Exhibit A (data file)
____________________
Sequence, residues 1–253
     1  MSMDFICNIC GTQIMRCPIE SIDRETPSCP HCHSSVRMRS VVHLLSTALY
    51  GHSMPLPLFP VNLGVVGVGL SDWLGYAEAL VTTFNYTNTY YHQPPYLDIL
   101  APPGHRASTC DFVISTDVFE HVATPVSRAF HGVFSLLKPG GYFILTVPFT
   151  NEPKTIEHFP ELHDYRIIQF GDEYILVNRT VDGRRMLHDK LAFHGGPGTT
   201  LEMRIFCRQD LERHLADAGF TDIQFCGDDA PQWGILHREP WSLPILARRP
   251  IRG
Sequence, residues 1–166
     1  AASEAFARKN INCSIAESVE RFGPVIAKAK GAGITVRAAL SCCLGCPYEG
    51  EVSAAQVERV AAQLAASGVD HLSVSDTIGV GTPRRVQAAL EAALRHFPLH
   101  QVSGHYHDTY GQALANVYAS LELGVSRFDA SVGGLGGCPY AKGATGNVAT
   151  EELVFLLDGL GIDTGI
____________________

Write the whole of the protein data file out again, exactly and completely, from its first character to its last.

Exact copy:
Sequence, residues 1–253
     1  MSMDFICNIC GTQIMRCPIE SIDRETPSCP HCHSSVRMRS VVHLLSTALY
    51  GHSMPLPLFP VNLGVVGVGL SDWLGYAEAL VTTFNYTNTY YHQPPYLDIL
   101  APPGHRASTC DFVISTDVFE HVATPVSRAF HGVFSLLKPG GYFILTVPFT
   151  NEPKTIEHFP ELHDYRIIQF GDEYILVNRT VDGRRMLHDK LAFHGGPGTT
   201  LEMRIFCRQD LERHLADAGF TDIQFCGDDA PQWGILHREP WSLPILARRP
   251  IRG
Sequence, residues 1–166
     1  AASEAFARKN INCSIAESVE RFGPVIAKAK GAGITVRAAL SCCLGCPYEG
    51  EVSAAQVERV AAQLAASGVD HLSVSDTIGV GTPRRVQAAL EAALRHFPLH
   101  QVSGHYHDTY GQALANVYAS LELGVSRFDA SVGGLGGCPY AKGATGNVAT
   151  EELVFLLDGL GIDTGI